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Monday, October 17, 2011

I Want to Hold Your Hand b/w This Boy

Manager Brain Epstein told the powers that be at Capitol Records that the new single by the Beatles had been specifically produced "with the American sound in mind."  This was pure fabrication on his part - a salesman making his pitch.  He had been trying to sell Capitol on his group for a year now, but they had been unwilling to listen.  Now, suddenly, with the boys slated to appear on the Ed Sullivan Show and signed to a three picture deal with United Artists, they were ready to do business.  The rest, as they say, is history.

Both sides of this single were recorded on October 17th, 1963.  At the time of this session, they still had a few finishing touches to put on the album With the Beatles, but the new single took precedence.  And a new tool awaited them in the studio - four-track recording.  All of the work that they had done to date had been done on only two tracks.  Now, overdubbing would be that much easier to achieve as multiple layers of sound were possible.  On this date, however, the work was fairly straightforward.

I Want to Hold Your Hand -The attack at the top of She Loves You was vocal.  This time, it is instrumental.  For the listener, anticipation builds quickly until the voices come in with "Oh yeah I'll..."  John and Paul wrote this number together and they sing it as a duet.  There is nothing here like the great conversational tone of She Loves You.  The lyrics are actually pretty standard teenybopper fare, although the first time he heard the song, Bob Dylan misread "I can't hide" as "I get high."  The ingenuity is in the music and the performance.  As Dylan later told Anthony Scaduto, "They were doing things nobody was doing.  Their chords were outrageous, just outrageous, and their harmonies made it all valid...I knew they were pointing the direction where music had to go."  This from Bob Dylan, a man idolized by the Beatles themselves.

As they have done before, they find variety by hushing the bridge to put it in contrast with the strident verses.  The first bridge is sung in unison, the second in harmony.  And despite all of the technical tricks that they now employ in their songwriting craft, the song is delivered from both the heart and the gut.  The sheer joy in their playing is contagious.

This Boy - The Beatles had already recorded a string of impressive B-sides, but now they came up with their first classic one.  Lennon wrote this three-part harmony number, a form he would return to throughout their career.  George Martin said that John, Paul and George had an innate sense of harmony.  He told Mark Lewisohn that "all I did was change the odd note."  This song reverses the form of the A-side - the verses are hushed and it's not until they get to the bridge that the song soars.  Paul and George shift to backing vocals and John's voice, suddenly double-tracked, takes off to incredible heights.  After he sings his heart out, they seamlessly shift back to three-part harmony for the third verse.  The instrumentation is subtle as opposed to the powerhouse playing on I Want to Hold Your Hand.  Using only their usual instruments, they display amazing versatility on the two sides of this record.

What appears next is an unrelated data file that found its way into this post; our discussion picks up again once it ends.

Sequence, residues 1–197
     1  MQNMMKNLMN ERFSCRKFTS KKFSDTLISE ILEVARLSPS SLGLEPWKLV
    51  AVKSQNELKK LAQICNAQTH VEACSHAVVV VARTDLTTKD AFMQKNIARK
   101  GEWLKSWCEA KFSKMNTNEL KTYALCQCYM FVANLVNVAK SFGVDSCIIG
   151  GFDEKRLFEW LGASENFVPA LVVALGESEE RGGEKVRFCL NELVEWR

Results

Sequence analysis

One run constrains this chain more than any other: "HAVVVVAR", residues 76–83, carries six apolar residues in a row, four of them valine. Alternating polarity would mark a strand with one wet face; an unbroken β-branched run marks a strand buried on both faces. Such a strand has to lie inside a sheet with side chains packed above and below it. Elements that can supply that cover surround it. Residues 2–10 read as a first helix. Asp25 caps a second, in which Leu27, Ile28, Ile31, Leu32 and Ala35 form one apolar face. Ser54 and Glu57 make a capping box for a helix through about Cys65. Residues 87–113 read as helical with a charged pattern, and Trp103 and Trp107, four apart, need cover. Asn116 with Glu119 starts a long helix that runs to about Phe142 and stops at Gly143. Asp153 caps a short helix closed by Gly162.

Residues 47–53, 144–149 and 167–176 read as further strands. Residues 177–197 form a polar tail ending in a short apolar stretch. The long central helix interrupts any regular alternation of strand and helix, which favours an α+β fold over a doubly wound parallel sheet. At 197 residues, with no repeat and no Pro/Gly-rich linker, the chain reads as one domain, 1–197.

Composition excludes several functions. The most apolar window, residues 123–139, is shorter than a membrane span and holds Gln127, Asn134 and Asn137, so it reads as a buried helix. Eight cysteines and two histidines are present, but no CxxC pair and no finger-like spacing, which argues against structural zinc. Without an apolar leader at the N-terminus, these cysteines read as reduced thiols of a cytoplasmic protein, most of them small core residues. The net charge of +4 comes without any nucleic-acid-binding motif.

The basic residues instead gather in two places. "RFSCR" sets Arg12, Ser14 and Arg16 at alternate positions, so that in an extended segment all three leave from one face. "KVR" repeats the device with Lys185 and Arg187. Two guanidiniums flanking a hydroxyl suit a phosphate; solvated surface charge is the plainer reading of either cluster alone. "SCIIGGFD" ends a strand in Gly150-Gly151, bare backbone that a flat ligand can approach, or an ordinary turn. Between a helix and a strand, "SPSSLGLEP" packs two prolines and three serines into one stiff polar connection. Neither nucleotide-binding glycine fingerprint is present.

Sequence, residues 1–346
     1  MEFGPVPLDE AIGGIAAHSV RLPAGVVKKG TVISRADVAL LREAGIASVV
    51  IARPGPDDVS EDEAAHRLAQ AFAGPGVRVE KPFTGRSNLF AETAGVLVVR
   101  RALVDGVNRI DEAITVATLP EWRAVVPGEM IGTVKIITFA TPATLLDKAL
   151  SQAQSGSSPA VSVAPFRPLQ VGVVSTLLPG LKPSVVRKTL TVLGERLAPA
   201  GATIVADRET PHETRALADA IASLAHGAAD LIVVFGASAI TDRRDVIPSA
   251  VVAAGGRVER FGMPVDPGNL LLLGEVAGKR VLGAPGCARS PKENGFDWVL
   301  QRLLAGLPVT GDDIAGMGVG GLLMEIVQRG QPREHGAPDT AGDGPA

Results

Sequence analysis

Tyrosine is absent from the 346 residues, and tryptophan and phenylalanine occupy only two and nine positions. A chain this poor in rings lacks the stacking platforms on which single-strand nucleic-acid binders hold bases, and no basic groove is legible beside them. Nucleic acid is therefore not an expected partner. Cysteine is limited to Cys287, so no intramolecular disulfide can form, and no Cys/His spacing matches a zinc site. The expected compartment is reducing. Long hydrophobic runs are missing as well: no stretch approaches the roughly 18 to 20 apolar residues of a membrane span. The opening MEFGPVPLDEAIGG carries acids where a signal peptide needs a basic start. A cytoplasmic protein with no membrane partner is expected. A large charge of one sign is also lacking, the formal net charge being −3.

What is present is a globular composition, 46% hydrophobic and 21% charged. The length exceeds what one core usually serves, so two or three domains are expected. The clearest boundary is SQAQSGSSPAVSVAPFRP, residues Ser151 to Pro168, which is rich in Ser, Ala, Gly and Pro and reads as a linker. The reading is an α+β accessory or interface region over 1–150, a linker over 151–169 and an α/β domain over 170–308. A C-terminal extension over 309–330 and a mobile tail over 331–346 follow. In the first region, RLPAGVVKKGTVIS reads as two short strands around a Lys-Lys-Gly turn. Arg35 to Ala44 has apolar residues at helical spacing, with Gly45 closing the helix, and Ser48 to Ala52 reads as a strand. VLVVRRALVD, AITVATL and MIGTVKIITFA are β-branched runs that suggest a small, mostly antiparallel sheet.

The single was released in the UK on November 29th, 1963, only a week after With the Beatles, thus completing Epstein and Martin's master plan of two albums and a handful of singles for the year.  It replaced the number one record She Loves You, which had recently returned to the top spot.

Although Capitol Records agreed to release I Want to Hold Your Hand in the US, they couldn't resist tinkering with the single.  They wanted more of a rocker for the B-side, and since they had the rights to the entire Beatles catalog, they chose I Saw Her Standing There from the first British album for the American B-side.  This Boy appeared instead as an album track on Meet the Beatles.  A few months later, George Martin recorded an instrumental version of This Boy for the soundtrack of A Hard Day's Night and renamed it Ringo's Theme for the sequence in the film when Ringo briefly quits the group and goes off on his own for a series of misadventures. 

The single was scheduled to be released on January 13th, 1964, but it was "leaked" to a few radio stations in advance and, thanks in part to a $50,000 promotional budget (huge at the time), demand was so great that it was rush released on December 26th, 1963.  Once it hit number one, there was no going back.  Though no British act had ever done it before, the Beatles had conquered America.

And the British Invasion had begun. 

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